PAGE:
Trading Losses-It’s Just An Operational Cost 

A mind once stretched by a new idea never regains its original dimension.

– Oliver Wendell Holmes

It’s a Monday and Bill is annoyed with himself for making a loss last week of $2,000 on one trade. Obviously he should just get on with the trading for the week and let it go and he knows it but he can’t help thinking of the money and what a difference it would have made. The credit card bill, the vacation, the new roof, and the special treats he was hoping for etc.

These thoughts increase the sense of loss and pain and make it all personal. Indeed it is easy for this to take over when you are a trader as it really is your own money that is being lost when trades don’t work out as planned. However this can lead to paralysis in committing to trades and so losses must just be seen as being an operational cost of being a trader.

Money is so intertwined to the fabric of society that most people view it as a measure of themselves and are unable to detach themselves emotionally. After all money is what is needed to purchase the basic necessities of life as well as the marks of success such as cars, vacations and the latest gadgets.

It is this that can then dictate someone’s self-esteem. Become emotionally attached to it and out goes the clarity of thinking and focus required to trade successfully, especially if losses mount up.

So how is it possible to become emotionally detached from the money? One method is to make a distinction between the money in personal accounts versus the money within a trading account. The money for personal living needs to be treated with respect to ensure all obligations are met and ensure life is as relaxed as possible.

The other is to view losses in percentage terms, then the thought of what a loss could have bought is less likely and abstract.

The money in the trading account needs to be viewed for what it is, working capital that funds the business of trading. Expenses include not only the direct costs of trading such as the purchase and running of equipment, data feeds and trading fees but also operational losses.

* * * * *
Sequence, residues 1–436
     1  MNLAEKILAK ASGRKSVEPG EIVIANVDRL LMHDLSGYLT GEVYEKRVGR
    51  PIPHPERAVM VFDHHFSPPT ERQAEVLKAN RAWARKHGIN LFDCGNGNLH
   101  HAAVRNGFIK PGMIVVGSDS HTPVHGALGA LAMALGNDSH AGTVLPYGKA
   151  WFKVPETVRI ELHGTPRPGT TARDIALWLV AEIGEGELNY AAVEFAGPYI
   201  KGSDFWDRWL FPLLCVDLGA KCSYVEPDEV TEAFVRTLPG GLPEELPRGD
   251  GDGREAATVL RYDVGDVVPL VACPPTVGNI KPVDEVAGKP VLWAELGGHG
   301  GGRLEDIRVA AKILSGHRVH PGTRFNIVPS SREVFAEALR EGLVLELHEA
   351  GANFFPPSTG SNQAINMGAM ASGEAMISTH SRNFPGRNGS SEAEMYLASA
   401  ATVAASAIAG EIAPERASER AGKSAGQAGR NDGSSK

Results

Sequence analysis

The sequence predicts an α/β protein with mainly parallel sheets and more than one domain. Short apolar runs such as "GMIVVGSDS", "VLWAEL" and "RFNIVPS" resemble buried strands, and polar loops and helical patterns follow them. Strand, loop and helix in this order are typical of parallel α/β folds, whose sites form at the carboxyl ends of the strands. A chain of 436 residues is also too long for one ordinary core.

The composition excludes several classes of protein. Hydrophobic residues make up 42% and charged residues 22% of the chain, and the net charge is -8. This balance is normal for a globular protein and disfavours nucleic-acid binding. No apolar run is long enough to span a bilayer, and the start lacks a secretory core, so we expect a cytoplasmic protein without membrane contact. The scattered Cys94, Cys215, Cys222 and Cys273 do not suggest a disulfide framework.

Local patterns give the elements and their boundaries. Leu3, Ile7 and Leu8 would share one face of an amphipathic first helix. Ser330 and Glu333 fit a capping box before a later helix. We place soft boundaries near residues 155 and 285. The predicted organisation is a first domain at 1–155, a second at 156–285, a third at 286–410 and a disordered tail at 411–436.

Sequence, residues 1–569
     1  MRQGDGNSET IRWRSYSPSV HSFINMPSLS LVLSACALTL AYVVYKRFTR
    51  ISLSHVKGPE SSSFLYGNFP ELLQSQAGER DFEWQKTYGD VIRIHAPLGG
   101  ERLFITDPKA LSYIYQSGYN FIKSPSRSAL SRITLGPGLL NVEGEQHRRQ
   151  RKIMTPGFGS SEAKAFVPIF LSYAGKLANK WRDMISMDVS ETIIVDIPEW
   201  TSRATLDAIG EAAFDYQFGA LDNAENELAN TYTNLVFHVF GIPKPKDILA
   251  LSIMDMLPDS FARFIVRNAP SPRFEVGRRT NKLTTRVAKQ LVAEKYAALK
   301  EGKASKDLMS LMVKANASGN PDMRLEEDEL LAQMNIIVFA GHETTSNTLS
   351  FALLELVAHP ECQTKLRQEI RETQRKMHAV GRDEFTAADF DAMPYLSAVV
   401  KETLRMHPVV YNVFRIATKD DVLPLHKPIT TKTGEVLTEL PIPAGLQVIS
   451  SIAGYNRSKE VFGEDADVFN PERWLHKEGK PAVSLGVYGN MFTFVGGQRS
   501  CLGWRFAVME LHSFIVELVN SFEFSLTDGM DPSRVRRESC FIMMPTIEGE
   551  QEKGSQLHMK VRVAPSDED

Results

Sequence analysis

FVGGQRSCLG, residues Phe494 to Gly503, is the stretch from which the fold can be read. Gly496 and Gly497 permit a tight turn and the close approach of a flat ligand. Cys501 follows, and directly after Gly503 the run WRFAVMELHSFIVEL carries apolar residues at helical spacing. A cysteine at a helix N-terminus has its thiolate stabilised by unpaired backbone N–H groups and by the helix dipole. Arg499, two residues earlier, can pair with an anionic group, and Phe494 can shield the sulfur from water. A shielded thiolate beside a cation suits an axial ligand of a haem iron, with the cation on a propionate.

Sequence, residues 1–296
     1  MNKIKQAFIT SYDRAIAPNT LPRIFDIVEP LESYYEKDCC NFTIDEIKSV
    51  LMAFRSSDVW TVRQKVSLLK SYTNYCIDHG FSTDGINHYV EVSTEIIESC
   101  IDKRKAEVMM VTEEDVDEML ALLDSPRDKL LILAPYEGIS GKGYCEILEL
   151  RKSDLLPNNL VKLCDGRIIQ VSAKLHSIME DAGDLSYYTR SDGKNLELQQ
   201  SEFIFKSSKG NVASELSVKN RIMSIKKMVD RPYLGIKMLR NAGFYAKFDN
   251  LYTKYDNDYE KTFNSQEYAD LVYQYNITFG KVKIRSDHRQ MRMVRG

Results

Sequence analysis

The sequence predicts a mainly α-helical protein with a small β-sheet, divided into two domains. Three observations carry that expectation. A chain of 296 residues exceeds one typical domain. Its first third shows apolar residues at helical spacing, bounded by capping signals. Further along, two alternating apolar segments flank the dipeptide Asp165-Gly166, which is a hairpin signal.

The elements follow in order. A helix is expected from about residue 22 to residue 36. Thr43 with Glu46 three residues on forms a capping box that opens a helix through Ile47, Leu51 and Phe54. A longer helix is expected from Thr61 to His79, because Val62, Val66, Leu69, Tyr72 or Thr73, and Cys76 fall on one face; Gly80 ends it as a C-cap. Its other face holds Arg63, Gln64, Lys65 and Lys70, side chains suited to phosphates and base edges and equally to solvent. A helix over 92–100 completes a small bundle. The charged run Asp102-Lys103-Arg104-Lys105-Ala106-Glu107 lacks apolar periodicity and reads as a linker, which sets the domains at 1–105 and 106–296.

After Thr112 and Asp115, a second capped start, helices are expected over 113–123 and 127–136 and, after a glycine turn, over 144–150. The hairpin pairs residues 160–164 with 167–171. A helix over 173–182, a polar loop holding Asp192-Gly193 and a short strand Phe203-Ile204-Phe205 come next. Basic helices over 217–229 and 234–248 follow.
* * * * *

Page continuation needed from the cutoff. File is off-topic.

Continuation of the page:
Objectivity is essential when trading. The real issue is how to maintain it when things go off plan. Often it is said that the objectivity goes when a trade is initiated and theory turns to reality with the risk of loss and the uncertainty of profit.

Typically the rule is never to put more than x percent on any one trade. The percentage can change and increase as the trader becomes more experienced. The other element of the best strategy is to always manage the risk level with a realistic level built into whatever trading strategy is chosen.

When you trade and you have to worry about every cent committed as an essential you get it all back, then your mind is never going to be able to be detached enough to analyse the best exit point if the markets starts going against you. So step back, remember it’s a business of which losses are an inevitable part of trading success and only look at the numbers in abstract terms or as a percentage. Never think of the money in terms of what it will buy in your personal life but only in terms of the operational costs of the business.

If need be, make the numbers always stated in percentage terms so that even if one trade fails to deliver the expect gain it is clear that it is not critical to the business and your life.

 

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